New day for Penn College wrestling

Published 03.05.2023

Wildcat Weekly

The Pennsylvania College of Technology wrestling program is on the verge of a new, magnificent day when freshman Isaac Cory competes at the NCAA Division III National Championships on Friday.

Cory, of Montoursville, carries a 17-2 season record into his first-round match at the 10,500-seat Berglund Center in Roanoke, Virginia, where he joins 17 other wrestlers vying for the 184-pound weight-class crown.

In all, there are 180 grapplers in 10 weight classes (18 in each weight) from across the country looking for an individual title. The complete seeded bracket will be available on Monday through the NCAA.

Wildcat wrestler Isaac Cory ...... advances to NCAA nationals after a second-place performance at Mideast Regionals.Also entered at 184 are defending champion Jaritt Shinhoster, University of Wisconsin-Whitewater (29-2 record); Charles Baczek, Wabash College (20-2); Shane Leigel, Loras College (31-1); Sampson Wilkins, Castleton University (34-12); Bentley Schwanebeck-Ostermann, Augsburg University (28-6); Cameron Blizard, Washington and Lee (19-6); Jack Ryan, SUNY Oneonta (19-5); David McCullough, Coast Guard Academy (4-0); Gavin Layman, Ohio Northern University (3-1); Donovan Corn, Luther College (29-7); Mahlic Sallah, Roanoke College (27-2); Kalyn Jahn, Wisconsin-La Crosse (18-9); Colby Giroux, RIT (31-4); Edwin Morales, Bridgewater State University (17-2); Blake Williams, Adrian College (5-1); Tristan Westphal, Coe College (21-5); and Isaac Kassis, Alvernia University (4-0).

Wartburg College won the team title a year ago with 79 points.

A four-time state qualifier while he was in high school, Cory has wrestled in a big-time venue in the past, having won last year’s PIAA Class AA 189-pound championship after finishing seventh in 2020 at the Giant Center in Hershey, also a 10,500-seat arena. He closed out his high school career with a 136-36 record.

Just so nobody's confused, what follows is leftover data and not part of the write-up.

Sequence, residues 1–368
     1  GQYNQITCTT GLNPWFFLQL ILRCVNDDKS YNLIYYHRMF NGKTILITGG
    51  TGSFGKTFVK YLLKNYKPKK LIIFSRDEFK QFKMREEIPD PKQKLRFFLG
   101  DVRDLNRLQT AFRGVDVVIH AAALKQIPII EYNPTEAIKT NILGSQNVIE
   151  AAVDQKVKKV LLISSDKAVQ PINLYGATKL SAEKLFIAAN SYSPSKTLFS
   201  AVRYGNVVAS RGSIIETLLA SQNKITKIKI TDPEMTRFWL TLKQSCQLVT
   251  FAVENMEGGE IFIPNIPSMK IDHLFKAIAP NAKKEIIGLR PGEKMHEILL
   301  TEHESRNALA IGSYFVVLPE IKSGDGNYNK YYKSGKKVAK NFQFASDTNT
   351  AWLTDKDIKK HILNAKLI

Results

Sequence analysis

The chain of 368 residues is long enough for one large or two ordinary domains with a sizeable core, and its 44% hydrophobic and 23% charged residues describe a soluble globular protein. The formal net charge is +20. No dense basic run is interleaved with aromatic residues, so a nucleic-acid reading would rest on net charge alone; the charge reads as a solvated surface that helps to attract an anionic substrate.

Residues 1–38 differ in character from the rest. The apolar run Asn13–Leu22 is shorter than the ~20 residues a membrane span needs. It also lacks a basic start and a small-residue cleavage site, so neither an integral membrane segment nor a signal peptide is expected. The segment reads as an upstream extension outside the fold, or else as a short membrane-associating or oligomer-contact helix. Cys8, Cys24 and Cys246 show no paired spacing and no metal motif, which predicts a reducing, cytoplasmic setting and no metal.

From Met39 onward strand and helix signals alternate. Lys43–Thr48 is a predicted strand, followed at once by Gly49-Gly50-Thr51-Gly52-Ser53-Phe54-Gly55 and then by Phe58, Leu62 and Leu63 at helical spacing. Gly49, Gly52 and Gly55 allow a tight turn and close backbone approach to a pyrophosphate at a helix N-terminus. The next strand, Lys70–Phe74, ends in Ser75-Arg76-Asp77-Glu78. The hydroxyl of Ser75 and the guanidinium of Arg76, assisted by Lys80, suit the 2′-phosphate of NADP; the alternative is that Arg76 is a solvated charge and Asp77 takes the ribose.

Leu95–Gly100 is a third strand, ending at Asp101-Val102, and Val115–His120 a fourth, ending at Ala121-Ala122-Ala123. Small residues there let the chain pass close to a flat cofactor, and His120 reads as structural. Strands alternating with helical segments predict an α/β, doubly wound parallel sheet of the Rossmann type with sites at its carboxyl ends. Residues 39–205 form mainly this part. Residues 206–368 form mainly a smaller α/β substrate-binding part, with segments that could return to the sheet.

Earlier this season, Cory made program history when he became the first nationally ranked Wildcat, garnering the No. 10 spot at 184 pounds in the National Wrestling Coaches Association Division III rankings in mid-December.

“Isaac will enter a deep field. Four of last season’s 184-pound All-Americans return to the bracket, including last year’s 184-pound national champion. This bracket is arguably one of the toughest at the championships because of the returning talent alone,” Penn College coach Pankil Chander said.

The first-year coach continued, “The beauty of the D-III championships, from what I’ve witnessed every year, is that anything can happen. Unseeded guys make noise. Top seeds go down, and everything in between. We know that to be true based on this past weekend’s regional results alone.

“Brackets will be released next week and Isaac may not be seeded in the top eight since he missed more than half of the season and doesn’t have as much body of work as the other wrestlers on his bracket. That’s OK!

“Isaac’s style and feel is a difficult one to scout and prepare for. Though he hasn’t wrestled many of the guys in his bracket, they haven’t wrestled or felt him either, which, in my opinion, can favor Isaac.

“With his missing more than half of this season, we haven’t even seen Isaac Cory peak this season yet, which is scary considering how convincing of a talent he’s been. He’ll be ready and have fun competing when it matters most on the NCAA floor in Roanoke.”